Guest Contributor | Jul 29, 2020 | 0
Decelerating growth in money supply points to slower economic growth
The Namibian economy continues on a downward trajectory as the falling growth rate in the broad money supply to 6.6% y-o-y in July 2019 from 7.3% y-o-y in June indicates a lack of demand or ability to spend by both individuals and companies.
The Bank of Namibia attributes this slow growth to decreases in transferable deposits and currency in circulation outside depository corporations. Looking closer at the determinants of money supply, the central bank indicated that growth in claims on the private sector decreased to 7.7% y-o-y in July, down from 8% y-o-y in the previous month.
Growth in claims on businesses moderated slightly to 8.7% y-o-y in July from 8.8% y-o-y recorded in June, while the growth in claims on individuals inched lower to 7.1% y-o-y in July from 7.4% y-o-y in June, due to slower growth in mortgage credit extended to households.
“The growth in monetary and credit aggregates remains lacklustre, in line with depressed domestic economic activity. We forecast the economy to contract for a third consecutive year in 2019,” Head of Research at PSG Konsult, Eloise du Plessis said.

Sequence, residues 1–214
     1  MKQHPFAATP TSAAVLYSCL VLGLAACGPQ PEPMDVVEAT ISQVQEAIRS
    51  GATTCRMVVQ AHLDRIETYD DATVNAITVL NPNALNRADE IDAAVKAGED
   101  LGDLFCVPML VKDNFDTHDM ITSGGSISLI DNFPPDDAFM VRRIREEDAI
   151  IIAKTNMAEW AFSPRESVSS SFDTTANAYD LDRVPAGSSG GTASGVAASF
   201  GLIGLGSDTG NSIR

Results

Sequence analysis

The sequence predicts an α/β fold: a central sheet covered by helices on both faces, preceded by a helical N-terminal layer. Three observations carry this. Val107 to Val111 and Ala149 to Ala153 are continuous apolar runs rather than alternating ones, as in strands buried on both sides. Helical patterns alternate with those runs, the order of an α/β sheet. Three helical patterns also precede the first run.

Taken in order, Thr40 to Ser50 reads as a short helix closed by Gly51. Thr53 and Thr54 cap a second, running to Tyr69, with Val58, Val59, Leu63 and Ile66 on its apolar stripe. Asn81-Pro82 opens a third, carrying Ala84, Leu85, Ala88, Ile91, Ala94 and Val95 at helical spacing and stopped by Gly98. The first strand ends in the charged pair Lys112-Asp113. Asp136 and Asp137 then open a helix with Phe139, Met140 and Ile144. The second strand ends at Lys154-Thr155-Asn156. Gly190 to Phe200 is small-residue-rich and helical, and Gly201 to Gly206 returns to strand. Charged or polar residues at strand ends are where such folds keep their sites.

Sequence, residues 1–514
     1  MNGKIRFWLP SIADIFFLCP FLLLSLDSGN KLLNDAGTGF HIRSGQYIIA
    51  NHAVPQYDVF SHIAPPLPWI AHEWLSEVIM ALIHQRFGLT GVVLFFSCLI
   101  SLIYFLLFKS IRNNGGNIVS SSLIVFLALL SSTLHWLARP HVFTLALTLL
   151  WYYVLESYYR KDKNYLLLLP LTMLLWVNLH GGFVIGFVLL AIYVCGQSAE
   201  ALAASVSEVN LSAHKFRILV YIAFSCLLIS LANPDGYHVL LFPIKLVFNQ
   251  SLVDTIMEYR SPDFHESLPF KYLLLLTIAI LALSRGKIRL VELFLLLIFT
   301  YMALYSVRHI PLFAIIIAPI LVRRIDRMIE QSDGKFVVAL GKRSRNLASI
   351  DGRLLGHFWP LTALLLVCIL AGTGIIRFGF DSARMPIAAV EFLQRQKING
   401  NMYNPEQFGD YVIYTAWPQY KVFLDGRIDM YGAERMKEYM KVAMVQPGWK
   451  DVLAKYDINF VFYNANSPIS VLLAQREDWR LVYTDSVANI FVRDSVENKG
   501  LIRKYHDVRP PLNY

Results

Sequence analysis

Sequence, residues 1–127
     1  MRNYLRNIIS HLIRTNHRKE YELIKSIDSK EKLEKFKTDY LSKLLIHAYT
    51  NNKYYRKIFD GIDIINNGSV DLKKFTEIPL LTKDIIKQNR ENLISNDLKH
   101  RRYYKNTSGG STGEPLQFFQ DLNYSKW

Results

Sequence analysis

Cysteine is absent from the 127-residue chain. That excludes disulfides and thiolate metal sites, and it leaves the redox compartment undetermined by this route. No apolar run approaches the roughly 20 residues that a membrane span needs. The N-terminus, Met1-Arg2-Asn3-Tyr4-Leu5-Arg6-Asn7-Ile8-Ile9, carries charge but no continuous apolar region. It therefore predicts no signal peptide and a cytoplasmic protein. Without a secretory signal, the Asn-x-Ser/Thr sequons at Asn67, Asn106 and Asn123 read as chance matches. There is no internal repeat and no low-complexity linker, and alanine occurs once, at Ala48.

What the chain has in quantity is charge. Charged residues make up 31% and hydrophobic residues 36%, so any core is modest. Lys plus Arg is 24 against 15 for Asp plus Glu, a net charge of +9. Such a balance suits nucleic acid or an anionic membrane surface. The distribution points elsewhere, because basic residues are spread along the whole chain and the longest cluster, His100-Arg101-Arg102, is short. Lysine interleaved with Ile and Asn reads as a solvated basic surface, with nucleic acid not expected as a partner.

On the other hand, Namibia’s foreign reserves is expected to increase modestly in 2019 thanks to inflows into the financial account from SAC transfers. “The level of international reserves rose to N$35.1 billion at the end of July from N$33.4 billion recorded in the previous month, mainly due to inflows of SACU revenues in July.”
“However, SACU inflows will be lower over the medium term due to weaker GDP growth in South Africa which tends to lower the SACU revenue pool, and export growth is expected to moderate this year due to the global economic slowdown and lower diamond production,” du Plessis said.